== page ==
Claus Guth has a way with Mozart. At his best; with his Salzburg productions of the da Ponte operas for example, he’s superb while I was unconvinced by his Glyndebourne Clemenza, despite its ambition. I was really keen to see what he would do with an opera like Lucio Silla which, despite some lovely music, is formulaic and potentially very boring.
Katie Mitchell’s production of Handel ‘s Alcina recorded at Aix-en-Provence in 2015 is extremely interesting. It’s almost complete with maybe twenty minutes of the ballet music cut. None of the ballet is actually staged as such. It’s also a Mitchell special multi-space set (like Written on Skin) with the lower level having Alcina/Morgana’s boudoir, drawing room or whatever at any given moment flanked by two smaller spaces which are the “personal” spaces of the two sisters. When the ladies withdraw from the public/enchanted space they are replaced by actresses who look decades older. Only late in the piece as Alcina’s magic fades do the two worlds get confused. The upper level of the set is taken up with the giant machine that turns Alcina’s victims into taxidermied animals. The overall aesthetic is upscale modern with lots of actors as very competent servants.
The 2013 recording of Poulenc’s Dialogues des Carmélites from the Théâtre des Champs Elysées has a cast that reads like a roll call of famous French singers; Petitbon, Piau, Gens and Koch are all there. Throw in Rosalind Plowright and Topi Lehtipuu and one gets some idea of the star power on display.
Vera Nemirova’s production of Berg’s Lulu was recorded in the Haus für Mozart at Salzburg in 2010. It’s presented in the now conventional three act version completed by Friedrich Cerha. The sets are painterly, including in Act 1 a giant painting of the title character. Lighting is used to create a very distinct palette for each scene and the detailed direction of the actors is careful and effective. I didn’t see any big ideas but then on this video recording, if there had been any, they would likely have been lost in the incessant close ups and strange camera angles. One “trick” perhaps is that much of the action in Act 3 Scene 1 takes place in the auditorium with a fair bit of confusion as the actors hand out fake cash to the punters. This is, of course, the scene where the glitterati go broke so perhaps some irony is intended.
I confess to having mixed, nay conflicted, feelings about the 2003 Palais Garnier recording of Rameau’s Les Indes Galantes. On the one hand there is some really good music, idiomatically played and sung by musicians utterly at home in this repertoire, there’s some brilliant dance; both the choreography and the execution, and there is spectacle on a grand scale. On the other hand there’s a nagging sense of cultural appropriation and, perhaps worse, a feeling that the whole thing may just be a giant piss take. Actually in some ways it’s all of the above and if one can get into the spirit of the thing it sort of works.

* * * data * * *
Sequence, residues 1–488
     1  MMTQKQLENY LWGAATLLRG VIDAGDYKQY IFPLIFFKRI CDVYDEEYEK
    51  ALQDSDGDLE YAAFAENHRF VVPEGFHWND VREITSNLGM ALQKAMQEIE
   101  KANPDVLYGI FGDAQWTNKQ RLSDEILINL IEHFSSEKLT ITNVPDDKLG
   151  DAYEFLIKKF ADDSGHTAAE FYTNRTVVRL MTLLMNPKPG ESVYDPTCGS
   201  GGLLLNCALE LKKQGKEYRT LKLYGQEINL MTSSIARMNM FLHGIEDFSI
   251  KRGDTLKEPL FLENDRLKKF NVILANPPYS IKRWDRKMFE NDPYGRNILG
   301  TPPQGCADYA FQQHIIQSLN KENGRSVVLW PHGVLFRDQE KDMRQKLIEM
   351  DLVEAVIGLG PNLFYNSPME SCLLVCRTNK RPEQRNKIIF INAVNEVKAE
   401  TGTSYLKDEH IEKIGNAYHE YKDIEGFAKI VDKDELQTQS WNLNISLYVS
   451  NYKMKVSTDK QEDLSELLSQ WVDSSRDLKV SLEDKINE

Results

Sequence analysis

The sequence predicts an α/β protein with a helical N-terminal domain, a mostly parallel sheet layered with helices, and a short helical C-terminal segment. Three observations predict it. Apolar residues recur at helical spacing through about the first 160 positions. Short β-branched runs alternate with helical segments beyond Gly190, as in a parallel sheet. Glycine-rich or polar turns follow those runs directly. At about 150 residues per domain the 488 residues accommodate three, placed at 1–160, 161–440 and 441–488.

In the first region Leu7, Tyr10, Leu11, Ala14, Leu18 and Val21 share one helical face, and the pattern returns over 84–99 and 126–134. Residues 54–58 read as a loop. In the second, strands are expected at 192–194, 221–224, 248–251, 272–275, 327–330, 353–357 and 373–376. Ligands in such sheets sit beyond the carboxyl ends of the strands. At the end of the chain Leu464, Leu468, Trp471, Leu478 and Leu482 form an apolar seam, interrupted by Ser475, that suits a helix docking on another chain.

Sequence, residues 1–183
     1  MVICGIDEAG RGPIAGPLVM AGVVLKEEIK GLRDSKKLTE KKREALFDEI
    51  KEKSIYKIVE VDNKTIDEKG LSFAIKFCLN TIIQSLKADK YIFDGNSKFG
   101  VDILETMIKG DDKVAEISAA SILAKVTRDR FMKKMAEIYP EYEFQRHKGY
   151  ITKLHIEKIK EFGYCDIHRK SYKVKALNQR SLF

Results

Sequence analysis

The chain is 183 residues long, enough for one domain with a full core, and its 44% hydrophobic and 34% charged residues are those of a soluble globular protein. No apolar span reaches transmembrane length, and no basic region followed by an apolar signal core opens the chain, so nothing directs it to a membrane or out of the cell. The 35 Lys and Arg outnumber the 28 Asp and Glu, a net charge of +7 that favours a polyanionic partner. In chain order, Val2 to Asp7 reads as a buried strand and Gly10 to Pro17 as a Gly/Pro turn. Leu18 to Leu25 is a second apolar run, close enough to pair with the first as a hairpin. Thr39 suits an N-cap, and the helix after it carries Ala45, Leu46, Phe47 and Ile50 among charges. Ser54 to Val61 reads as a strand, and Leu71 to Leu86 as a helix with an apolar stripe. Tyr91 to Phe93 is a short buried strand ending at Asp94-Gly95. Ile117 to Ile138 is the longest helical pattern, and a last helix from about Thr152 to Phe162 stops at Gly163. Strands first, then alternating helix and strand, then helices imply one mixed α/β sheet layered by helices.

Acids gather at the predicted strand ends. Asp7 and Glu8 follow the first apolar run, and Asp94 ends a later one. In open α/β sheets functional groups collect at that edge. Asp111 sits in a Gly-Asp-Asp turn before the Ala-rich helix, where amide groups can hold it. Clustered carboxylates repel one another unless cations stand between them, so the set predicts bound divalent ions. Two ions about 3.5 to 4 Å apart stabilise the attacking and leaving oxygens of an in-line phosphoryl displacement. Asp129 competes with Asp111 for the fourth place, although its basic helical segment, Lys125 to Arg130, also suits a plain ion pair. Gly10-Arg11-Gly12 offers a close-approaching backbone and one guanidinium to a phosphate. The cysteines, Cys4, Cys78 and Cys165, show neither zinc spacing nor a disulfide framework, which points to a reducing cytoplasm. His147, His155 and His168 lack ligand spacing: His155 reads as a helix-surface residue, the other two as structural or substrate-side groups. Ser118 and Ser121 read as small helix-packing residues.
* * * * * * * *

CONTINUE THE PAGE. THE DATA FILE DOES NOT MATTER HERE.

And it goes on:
Nest season the Canadian Opera Company is presenting a production of Poulenc’s Dialogues des Carmélites. It’s not a work I’ve had any exposure to and it sounded enough like Catholic snuff porn for me not to have bothered before. However, in the interests of furthering my education I got my paws on the library copy of DVD of a 1999 production from Opéra National du Rhin. I actually ended up quite liking the piece though the libretto might well have been written by Gide in one of his darker moments. The score is so tonal that it could almost have been written a hundred years earlier but it’s pleasant enough in a movie soundtrack sort of way. The production in question, by Marthe Keller, is very restrained. Much of the time it’s quite dark with very little happening. The drama is all in the words and expressions of the singers which must have made it quite hard to appreciate from the cheap seats. It’s also very traditional and period in costume and set design while remaining essentially simple. Given that most of the “action” is a series of dialogues that could have been lifted from a theology text this isn’t a bad set of choices. The final scene is almost impossible to stage literally as it involves the mass guillotining of the nuns. Here it’s handled effectively enough by having the nuns step forward in turn and collapse on stage to the successive sounds of the guillotine falling. The final reconnection of Blanche and Constance is really quite affecting. The cast is huge (full list below) There are a few key roles that have to convince for the piece to work. Foremost among these is Blanche de la Force aka Soeur Blanche de l’Agonie du Christ, here played by Anne Sophie Schmidt. She’s a character of deep religious devotion but also getting on for batshit insane. It’s not an easy role to play. Schmidt is really convincing in what could be a bit of a cardboard cutout role if not handled carefully. She also sings very well though occasionally sounds a bit strained in the upper register. The other young nun is Soeur Constance, a very optimistic young lady, played utterly charmingly by Patricia Petitbon. There are also lots of older nuns. I had to keep looking up who was who because it’s a bit like trying to pick out a suspect in a penguin identity parade. The important one’s are the old prioress (Nadine Denize), who dies in the first act, Blanche’s mentor, Mère Marie (Hedwig Fassbender), and the replacement prioress, also Mère Marie (Valérie Millot). All three ladies play their parts convincingly and sing appropriately for the character. Among the men, the stand out for me was the Aumônier of Léonard Pezzino who has a lovely voice. Really though, Blanche aside, this is an ensemble piece with no real opportunities for vocal fireworks. Here the ensemble worked well and was well supported by Orchestre Philharmonique de Strasbourg under Jan Latham-Koenig. I’m not sure how I feel about Don Kent’s video direction. He starts off with artsy stuff in the title sequence and it’s not entirely clear where the credits end and the piece begins. There is something to be said for showing the conductor going to the pit and starting the show. He stays very close in on the singers most of the time which normally drives me nuts but here seems unavoidable and, to be fair, when there is a stage tableau to be seen we see it. There are also grainy black and white images used during some of the orchestral interludes. It’s not entirely clear whether they are projections in the house or inserts in the video. I think the latter but I can’t be sure. It’s perhaps best to enjoy this as a video and not worry too much about how well it reflects what is going on on stage. Technically this isn’t a bad DVD. The 16:9 picture is quite decent and the LPCM Stereo sound is OK though not in the class of the best recent releases. The only subtitle options are English and Chinese. There is a trilingual (English, French, German) booklet with track listing, synopsis and a brief historical essay. The only real competition for this work on DVD is a much starrier La Scala cast in the Robert Carsen production that will be seen in Toronto so this Strasbourg version is probably worth a look for anyone with a serious interest in the work. There’s also an old (1984) Opera Australia version sung in English still in the catalogue.